Make your command words have meaning. Dogs have the ability to learn a lot of language. It is important to know that when you begin your obedience program you save certain command words to be used only when the dog is on leash and when you are planning on backing up the command should it fail. The reason being is that you want these words to have a lot of meaning to your dog. If you tell your dog to come while they are off-leash somewhere (before they have been off-leash trained) and they do not come you have just destroyed the meaning of that word to your dog because they know you can not catch them. You can of course use these command words off-leash after you have completed the obedience program and have a dog that is off-leash trained. But when your dog is just now learning the words they have to have a serious meaning to them.
Bottom line is that if you want your dog to listen to that command you would have had to very consistently made that command have meaning. In order for that command to have meaning you begin to use that word only when they are on-leash and you are doing a training session and teaching them in that moment. Use another word to call your dog to you should you find yourself in the early stages of training and your dog is off-leash but not yet trained well. For example, say something like: "hey pup" to get your dog to come but then use the word "come" because we are saving that word for use only when we have our dog on-leash to back up the word they should not come. That way, whenever they hear the word "come" they know that that is a serious word that they ALWAYS have to come for, no exceptions.
When we use our command words only for the times that we are going to make sure that command is completed then we have now made those words have a lot of meaning to our dogs.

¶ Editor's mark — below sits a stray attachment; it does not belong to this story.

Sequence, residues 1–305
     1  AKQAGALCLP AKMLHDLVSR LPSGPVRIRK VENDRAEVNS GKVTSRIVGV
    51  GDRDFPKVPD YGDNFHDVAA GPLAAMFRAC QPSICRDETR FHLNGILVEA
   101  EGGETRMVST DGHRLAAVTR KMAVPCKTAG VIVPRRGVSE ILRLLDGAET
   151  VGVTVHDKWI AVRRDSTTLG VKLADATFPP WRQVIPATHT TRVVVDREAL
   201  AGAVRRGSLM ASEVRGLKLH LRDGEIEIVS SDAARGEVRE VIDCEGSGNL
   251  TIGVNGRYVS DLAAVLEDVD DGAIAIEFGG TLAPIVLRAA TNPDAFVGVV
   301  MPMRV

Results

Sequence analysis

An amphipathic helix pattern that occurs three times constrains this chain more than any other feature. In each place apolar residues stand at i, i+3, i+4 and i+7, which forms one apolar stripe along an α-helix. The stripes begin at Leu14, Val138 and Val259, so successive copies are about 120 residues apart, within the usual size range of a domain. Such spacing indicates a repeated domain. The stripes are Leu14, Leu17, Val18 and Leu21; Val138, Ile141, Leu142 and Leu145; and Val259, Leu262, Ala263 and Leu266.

Commands where you say dogs name first. You always want to say your dogs name to gain their attention onto you before saying the following Commands: (because here you are asking them to do something so you want to get their attention and keep their name positive)
2. "Down" (this is for laying down, not for jumping on you)
For example if your dogs name is Fido, you would say, "Fido, Sit".
Commands you do not say the dogs name first DO NOT say the dogs name when disciplining or trying to stop a behavior because you do not want the dog to associate their name in a negative way:
5. For example … say "Quiet!" When trying to stop barking but do not say name first.
6. Say "Off"! When dog is jumping on you.
7. "Leave it" – use this command for things you NEVER want your dog to take in its mouth.
Adding words to the "No" command.
It is a good idea to add words to your 'no' commands so that you are not only saying the word no. Examples: "No Bite" "No Chew" "No Sniff"
"Give" – say this command when you want your dog to drop something from their mouth and give to you.
"Release" – this command is used when you are telling your dog it is OK to end their obedience and they can be free until you ask them for something again. This is a very important command because it distinguishes between when they are to be serious and listening to your commands and when the lesson has ended. (I have a whole article on this for you to read on my website: www.webdogtrainer.com )
Dogs can learn many words so keep them challenged by adding more and more. You can give all your dogs' toys, balls, bones, etc. names. When giving your dog the item, make sure you use a name to describe it every time so they can learn it. For example: "Find your chew bone!" "Go get your duck". "Get your ball". "Find your Kong".
Have fun with your dog and teach them lots of language!